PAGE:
What We Do, Why It Matters
The James Hemings Society is a nonprofit organization dedicated to illuminating the significant contributions of James Hemings; and countless under acknowledged culinary masters of African descent throughout American history. Our work helps to expand an understanding of Black American food history & culinary arts beyond the “soul food” catchall category to reveal the breadth and depth of it’s impact on the creation of American cuisine at large. JHS work benefits all Americans as seek to restore our too often untold but shared food history and culture the myriad ways that culture (wisdom, nutritional knowledge, health & wellbeing… survival!) are all exchanged through our understanding and appreciation of food and drink.
Join JHS in:
- Remembering / Acknowledging …countless unknown and the few known African-heritage food foundation forebears who came before us — to whom we all owe a debt of gratitude for our very existence as well as so many delicious edibles taken for granted today…
- Showcasing a new generation of African American chefs and culinary professionals;
- Creating new career opportunities and connections.
Help JHS Develop Program Initiatives:
The Living Library, Educational Programs and Culinary Scholarships:
- Our Living Library: An culinary history archive full of informative information, rich historical narratives, pod casts, historic events and recipes that teaches about America’s lost history of food and drink.
- Culinary Conversations Series & Family Recipe Archive Project: An educational program designed to preserve and foster culinary wisdom transfer across generations. Help us bring JHS programs to schools, youth and local community centers and cultural institutions.
- “Chefs Abroad” Program: Help provide young and emerging black culinary professionals with educational opportunities to expand their experience with overseas internships. (Not unlike James Hemings himself nearly three centuries ago.)
Did you Know ?
America’s first classically trained Chef de Cuisine was an enslaved black man owned by Thomas Jefferson? By his late teens, James Hemings (1765 – 1801) was well versed in in colonial Virginian cookery — via the famed Monticello kitchen and it’s accomplished cooks (although historically under-acknowledged ).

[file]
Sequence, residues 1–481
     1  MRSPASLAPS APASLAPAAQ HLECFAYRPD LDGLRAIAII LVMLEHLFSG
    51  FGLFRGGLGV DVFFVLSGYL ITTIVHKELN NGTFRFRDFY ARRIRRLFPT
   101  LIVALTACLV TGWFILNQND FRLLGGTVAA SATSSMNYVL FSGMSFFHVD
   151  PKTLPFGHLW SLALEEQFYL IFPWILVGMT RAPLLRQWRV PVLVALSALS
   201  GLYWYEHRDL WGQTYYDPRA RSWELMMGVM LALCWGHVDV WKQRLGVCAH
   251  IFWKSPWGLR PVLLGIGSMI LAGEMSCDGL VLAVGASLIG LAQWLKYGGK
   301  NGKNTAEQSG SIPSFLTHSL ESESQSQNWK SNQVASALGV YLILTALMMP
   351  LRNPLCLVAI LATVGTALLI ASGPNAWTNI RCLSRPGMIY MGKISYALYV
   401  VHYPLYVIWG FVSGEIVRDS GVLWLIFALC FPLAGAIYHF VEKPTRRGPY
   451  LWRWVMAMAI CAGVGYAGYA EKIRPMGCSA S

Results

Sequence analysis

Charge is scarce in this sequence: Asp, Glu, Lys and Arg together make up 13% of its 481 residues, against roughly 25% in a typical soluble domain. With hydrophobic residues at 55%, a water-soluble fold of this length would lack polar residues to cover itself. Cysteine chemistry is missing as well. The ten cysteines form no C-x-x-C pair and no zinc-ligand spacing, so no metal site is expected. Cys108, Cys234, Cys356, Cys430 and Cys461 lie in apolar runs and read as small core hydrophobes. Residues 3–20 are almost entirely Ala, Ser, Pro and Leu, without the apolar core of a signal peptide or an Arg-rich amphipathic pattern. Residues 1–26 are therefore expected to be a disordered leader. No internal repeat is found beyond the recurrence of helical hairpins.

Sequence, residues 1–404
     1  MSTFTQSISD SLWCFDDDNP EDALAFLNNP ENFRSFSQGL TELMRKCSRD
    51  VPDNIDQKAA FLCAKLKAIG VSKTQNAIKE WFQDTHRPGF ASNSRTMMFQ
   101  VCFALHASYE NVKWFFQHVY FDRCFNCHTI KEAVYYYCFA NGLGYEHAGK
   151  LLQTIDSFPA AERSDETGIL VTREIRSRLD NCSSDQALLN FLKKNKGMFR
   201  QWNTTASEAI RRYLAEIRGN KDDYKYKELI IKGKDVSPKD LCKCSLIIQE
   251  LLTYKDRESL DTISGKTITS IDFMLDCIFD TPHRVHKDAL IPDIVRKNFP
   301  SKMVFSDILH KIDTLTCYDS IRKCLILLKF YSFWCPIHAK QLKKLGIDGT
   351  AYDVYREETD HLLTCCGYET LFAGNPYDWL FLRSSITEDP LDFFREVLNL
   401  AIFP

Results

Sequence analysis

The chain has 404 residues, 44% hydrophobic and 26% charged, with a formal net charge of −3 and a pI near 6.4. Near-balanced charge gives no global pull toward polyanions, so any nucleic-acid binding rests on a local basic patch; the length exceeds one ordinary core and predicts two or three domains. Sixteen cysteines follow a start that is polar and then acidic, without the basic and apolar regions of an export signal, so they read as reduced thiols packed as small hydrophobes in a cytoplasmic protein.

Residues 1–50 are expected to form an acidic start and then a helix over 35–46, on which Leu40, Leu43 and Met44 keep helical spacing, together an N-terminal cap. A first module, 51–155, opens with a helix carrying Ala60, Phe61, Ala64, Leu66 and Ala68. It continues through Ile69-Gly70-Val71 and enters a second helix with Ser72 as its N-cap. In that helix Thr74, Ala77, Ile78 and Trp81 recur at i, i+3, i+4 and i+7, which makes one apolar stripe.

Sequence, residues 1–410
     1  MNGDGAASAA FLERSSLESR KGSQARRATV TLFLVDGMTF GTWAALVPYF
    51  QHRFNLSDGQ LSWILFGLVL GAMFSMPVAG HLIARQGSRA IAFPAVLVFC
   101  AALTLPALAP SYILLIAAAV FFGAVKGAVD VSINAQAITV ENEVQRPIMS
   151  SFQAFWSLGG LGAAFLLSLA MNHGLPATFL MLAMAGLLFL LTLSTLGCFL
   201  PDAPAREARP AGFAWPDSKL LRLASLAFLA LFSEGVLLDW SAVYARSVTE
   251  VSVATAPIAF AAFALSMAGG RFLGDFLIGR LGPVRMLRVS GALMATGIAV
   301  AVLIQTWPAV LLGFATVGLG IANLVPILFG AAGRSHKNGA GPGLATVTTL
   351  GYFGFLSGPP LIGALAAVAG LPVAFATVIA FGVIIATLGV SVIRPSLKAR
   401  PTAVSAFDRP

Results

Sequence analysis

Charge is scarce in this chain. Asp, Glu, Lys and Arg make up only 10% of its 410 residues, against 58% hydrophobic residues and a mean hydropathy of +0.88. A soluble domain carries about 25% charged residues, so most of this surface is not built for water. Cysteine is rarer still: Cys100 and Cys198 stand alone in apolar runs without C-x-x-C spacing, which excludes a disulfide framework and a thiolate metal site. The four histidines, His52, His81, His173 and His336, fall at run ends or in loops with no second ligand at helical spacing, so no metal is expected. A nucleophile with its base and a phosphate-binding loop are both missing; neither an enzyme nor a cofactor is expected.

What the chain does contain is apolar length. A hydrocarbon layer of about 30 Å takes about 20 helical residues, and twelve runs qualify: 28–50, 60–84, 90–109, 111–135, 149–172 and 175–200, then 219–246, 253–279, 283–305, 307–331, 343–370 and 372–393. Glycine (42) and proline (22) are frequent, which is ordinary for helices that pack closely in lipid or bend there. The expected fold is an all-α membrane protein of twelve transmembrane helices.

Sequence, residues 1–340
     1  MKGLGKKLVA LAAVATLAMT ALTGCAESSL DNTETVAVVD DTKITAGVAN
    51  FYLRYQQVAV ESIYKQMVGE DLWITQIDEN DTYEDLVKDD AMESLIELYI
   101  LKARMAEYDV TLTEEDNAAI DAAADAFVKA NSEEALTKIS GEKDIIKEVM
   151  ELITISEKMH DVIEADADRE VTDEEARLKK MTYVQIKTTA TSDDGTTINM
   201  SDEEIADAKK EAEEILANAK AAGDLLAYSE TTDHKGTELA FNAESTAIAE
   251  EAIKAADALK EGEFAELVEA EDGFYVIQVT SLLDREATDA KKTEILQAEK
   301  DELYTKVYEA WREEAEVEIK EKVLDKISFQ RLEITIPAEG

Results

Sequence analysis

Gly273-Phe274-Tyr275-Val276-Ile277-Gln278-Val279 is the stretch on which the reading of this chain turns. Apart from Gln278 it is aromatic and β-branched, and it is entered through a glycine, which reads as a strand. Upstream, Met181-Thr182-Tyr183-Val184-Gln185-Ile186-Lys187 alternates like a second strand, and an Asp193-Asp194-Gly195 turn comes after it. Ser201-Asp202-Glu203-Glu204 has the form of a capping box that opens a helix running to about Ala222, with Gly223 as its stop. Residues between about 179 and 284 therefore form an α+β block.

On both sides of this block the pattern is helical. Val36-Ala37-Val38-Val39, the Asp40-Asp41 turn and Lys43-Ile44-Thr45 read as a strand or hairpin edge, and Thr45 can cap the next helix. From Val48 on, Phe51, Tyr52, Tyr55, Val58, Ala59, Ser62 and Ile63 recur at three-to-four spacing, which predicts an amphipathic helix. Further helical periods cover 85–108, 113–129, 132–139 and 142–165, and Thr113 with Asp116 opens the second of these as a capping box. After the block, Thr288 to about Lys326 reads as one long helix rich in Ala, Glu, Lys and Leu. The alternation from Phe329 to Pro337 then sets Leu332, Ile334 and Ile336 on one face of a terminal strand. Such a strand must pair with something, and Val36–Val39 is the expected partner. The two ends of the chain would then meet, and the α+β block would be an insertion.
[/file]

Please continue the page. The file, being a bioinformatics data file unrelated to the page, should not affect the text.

James Hemings a Culinary Master
When Thomas Jefferson was appointed Trade Minister to Paris, he took the talented James along for the express purpose of learning the French culinary arts.
James started his training immediately, apprenticing (and excelling!) in the best kitchens in 18th century France. Upon completing his training with the master pastry chefs, he took over the kitchen at Jefferson’s private residence on the Champs Elysée, Hotel Langeac, America’s first diplomatic Embassy. He made elaborate, extravagant meals for Royalty and the most discerning palates in France.James was the first American Chef de Cuisine, who had created his unique signature style of half Virginian and half French haute cuisine, while in Paris and built upon that when he returned to America where he planned and prepared stately dinners at Jefferson’s many residences (Philadelphia, New York…)
The famous Hamilton-Jefferson (“The Room Where it Happened”) dinner and many other critical foreign and domestic diplomatic affairs were conducted over meals created and cooked by this unsung master chef. James Hemings’ culinary contributions, as well as the genius of generations of African American cooks that came before after him, have been almost entirely unknown — and nearly lost. Until now…
“The James Hemings Foundation serves to shed light on and acknowledge centuries-old African American cookery and cuisine that is to date, sparsely documented and credited. Inventive, groundbreaking cooks like James Hemings, who introduced and helped to popularize many iconic, all-American dishes like ice cream and macaroni and cheese, have been overshadowed for generations by slavery’s and subsequent, systemic biases and cumulative injustices. For centuries they have been “ghosts in the kitchen.”
~ Chef Ashbell McElveen, Founder, JHS
“The culinary legacy of descendants of enslaved people — that of most African Americans today — is intrinsic to every single aspect of American foodways, yet not part of the “Nation of Immigrants” narrative — nor most of this nation’s recorded history.”
~ Tonya Hopkins, a.k.a. “The Food Griot”, JHS Co-Founder & Culinary Scholar
Donate to JHS:
It Takes a Village Creating the James Hemings Foundation would not be possible without the generous support of donors and sponsors. Forward-thinking individuals and organizations that celebrate diversity are encouraged to provide support in the form of cash contributions, in-kind product donations, other resources and services. It takes collective work and responsibility to realize the events, programs and opportunities offered by JHS.
Food purveyors, wine producers and distributors, local farmers and produce suppliers, food and beverage brands, quality of life products and services, are among the sponsor categories that can benefit from an association with JHS….